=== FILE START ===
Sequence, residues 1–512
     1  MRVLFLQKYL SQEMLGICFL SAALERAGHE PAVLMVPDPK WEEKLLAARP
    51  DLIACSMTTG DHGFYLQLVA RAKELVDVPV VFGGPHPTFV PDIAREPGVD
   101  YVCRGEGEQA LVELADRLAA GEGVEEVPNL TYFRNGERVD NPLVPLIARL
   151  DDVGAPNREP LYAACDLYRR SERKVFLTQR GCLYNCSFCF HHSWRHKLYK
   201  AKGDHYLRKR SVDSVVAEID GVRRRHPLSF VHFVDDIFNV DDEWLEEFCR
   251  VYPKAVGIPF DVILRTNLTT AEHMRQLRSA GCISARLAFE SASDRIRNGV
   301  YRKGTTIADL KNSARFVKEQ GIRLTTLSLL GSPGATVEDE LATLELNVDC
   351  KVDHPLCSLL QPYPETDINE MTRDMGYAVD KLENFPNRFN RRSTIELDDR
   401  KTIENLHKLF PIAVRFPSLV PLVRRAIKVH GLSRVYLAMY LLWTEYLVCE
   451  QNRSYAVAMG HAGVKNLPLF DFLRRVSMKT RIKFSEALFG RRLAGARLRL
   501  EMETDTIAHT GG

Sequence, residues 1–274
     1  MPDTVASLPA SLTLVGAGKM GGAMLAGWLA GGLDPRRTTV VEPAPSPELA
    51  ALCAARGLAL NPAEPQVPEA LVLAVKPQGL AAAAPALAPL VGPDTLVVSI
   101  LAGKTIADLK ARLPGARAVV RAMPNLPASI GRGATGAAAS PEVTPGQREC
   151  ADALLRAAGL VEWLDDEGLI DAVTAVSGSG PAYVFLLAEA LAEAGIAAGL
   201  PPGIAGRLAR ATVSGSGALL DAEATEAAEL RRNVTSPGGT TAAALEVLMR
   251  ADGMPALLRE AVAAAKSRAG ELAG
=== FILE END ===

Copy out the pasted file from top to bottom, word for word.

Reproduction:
Sequence, residues 1–512
     1  MRVLFLQKYL SQEMLGICFL SAALERAGHE PAVLMVPDPK WEEKLLAARP
    51  DLIACSMTTG DHGFYLQLVA RAKELVDVPV VFGGPHPTFV PDIAREPGVD
   101  YVCRGEGEQA LVELADRLAA GEGVEEVPNL TYFRNGERVD NPLVPLIARL
   151  DDVGAPNREP LYAACDLYRR SERKVFLTQR GCLYNCSFCF HHSWRHKLYK
   201  AKGDHYLRKR SVDSVVAEID GVRRRHPLSF VHFVDDIFNV DDEWLEEFCR
   251  VYPKAVGIPF DVILRTNLTT AEHMRQLRSA GCISARLAFE SASDRIRNGV
   301  YRKGTTIADL KNSARFVKEQ GIRLTTLSLL GSPGATVEDE LATLELNVDC
   351  KVDHPLCSLL QPYPETDINE MTRDMGYAVD KLENFPNRFN RRSTIELDDR
   401  KTIENLHKLF PIAVRFPSLV PLVRRAIKVH GLSRVYLAMY LLWTEYLVCE
   451  QNRSYAVAMG HAGVKNLPLF DFLRRVSMKT RIKFSEALFG RRLAGARLRL
   501  EMETDTIAHT GG

Sequence, residues 1–274
     1  MPDTVASLPA SLTLVGAGKM GGAMLAGWLA GGLDPRRTTV VEPAPSPELA
    51  ALCAARGLAL NPAEPQVPEA LVLAVKPQGL AAAAPALAPL VGPDTLVVSI
   101  LAGKTIADLK ARLPGARAVV RAMPNLPASI GRGATGAAAS PEVTPGQREC
   151  ADALLRAAGL VEWLDDEGLI DAVTAVSGSG PAYVFLLAEA LAEAGIAAGL
   201  PPGIAGRLAR ATVSGSGALL DAEATEAAEL RRNVTSPGGT TAAALEVLMR
   251  ADGMPALLRE AVAAAKSRAG ELAG